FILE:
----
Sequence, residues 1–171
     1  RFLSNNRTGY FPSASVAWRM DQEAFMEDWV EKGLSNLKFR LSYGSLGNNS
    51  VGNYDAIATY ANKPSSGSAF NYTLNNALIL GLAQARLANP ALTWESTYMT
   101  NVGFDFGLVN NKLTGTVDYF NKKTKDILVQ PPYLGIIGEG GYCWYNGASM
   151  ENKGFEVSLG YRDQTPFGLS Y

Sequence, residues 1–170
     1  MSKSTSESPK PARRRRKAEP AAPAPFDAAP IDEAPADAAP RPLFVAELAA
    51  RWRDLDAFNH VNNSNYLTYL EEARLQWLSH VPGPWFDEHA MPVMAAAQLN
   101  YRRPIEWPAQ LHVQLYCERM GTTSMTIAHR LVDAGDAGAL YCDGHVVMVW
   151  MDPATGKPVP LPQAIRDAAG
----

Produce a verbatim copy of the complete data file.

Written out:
Sequence, residues 1–171
     1  RFLSNNRTGY FPSASVAWRM DQEAFMEDWV EKGLSNLKFR LSYGSLGNNS
    51  VGNYDAIATY ANKPSSGSAF NYTLNNALIL GLAQARLANP ALTWESTYMT
   101  NVGFDFGLVN NKLTGTVDYF NKKTKDILVQ PPYLGIIGEG GYCWYNGASM
   151  ENKGFEVSLG YRDQTPFGLS Y

Sequence, residues 1–170
     1  MSKSTSESPK PARRRRKAEP AAPAPFDAAP IDEAPADAAP RPLFVAELAA
    51  RWRDLDAFNH VNNSNYLTYL EEARLQWLSH VPGPWFDEHA MPVMAAAQLN
   101  YRRPIEWPAQ LHVQLYCERM GTTSMTIAHR LVDAGDAGAL YCDGHVVMVW
   151  MDPATGKPVP LPQAIRDAAG